Using Tunnel Boring Machine Penetration Tests to Quantify Performance in Hard Rock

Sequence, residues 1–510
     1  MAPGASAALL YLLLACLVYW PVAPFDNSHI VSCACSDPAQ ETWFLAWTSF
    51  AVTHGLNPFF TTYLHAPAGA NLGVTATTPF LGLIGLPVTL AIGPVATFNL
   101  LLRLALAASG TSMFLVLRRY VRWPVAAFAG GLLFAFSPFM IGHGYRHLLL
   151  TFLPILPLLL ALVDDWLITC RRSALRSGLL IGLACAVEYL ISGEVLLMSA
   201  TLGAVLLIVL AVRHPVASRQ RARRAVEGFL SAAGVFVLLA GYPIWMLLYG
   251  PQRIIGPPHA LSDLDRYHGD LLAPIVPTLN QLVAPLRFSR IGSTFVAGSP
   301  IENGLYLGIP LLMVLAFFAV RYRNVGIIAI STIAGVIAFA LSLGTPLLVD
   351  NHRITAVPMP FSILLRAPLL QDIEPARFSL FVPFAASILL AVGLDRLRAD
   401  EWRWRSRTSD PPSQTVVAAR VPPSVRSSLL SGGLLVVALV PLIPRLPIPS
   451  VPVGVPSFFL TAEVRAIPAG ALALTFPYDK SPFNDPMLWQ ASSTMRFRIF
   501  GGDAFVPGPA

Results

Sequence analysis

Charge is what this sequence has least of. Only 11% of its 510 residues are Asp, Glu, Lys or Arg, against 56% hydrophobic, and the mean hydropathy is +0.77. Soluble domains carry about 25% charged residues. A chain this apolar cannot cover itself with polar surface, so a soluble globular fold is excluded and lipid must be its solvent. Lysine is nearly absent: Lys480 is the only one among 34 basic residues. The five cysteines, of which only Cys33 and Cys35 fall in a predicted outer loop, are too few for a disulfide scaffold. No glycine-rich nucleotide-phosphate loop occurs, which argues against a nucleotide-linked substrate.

Tunnel boring machine (TBM) penetration tests entail incrementally increasing TBM thrust from full stop to maximum speed and recording the penetration rate either at set thrust levels or at set times. TBM penetration test data can be analysed by plotting the penetration rate (distance/revolution) against the net cutter thrust (force per cutter) over the full range of thrust levels in the test, called the penetration-thrust graph. This research shows that the transition from excavation dominated by grinding to excavation dominated by chipping can be observed in penetration-thrust graphs. Correlating penetration test data to the geological and geomechanical characteristics of rock masses through which a penetration test is conducted provides the ability to reveal the efficiency of the chipping process in response to changing geological conditions. By analysing penetration test data from projects in the Swiss Alps, and published data from Singapore, this research shows that the strength of the rock is an important control on how much net cutter thrust is required to transition from grinding to chipping. It also shows that the geological characteristics of a rock will determine how efficiently chipping occurs once it has begun. In particular, geological characteristics that lead to efficient fracture propagation, such as fabric and mica content, will lead to efficient chipping. These findings will enable a better correlation between TBM performance and geological conditions for use in TBM design, as a basis for contractual payments where penetration rate dominates the excavation cycle and in further academic investigations into the TBM excavation process.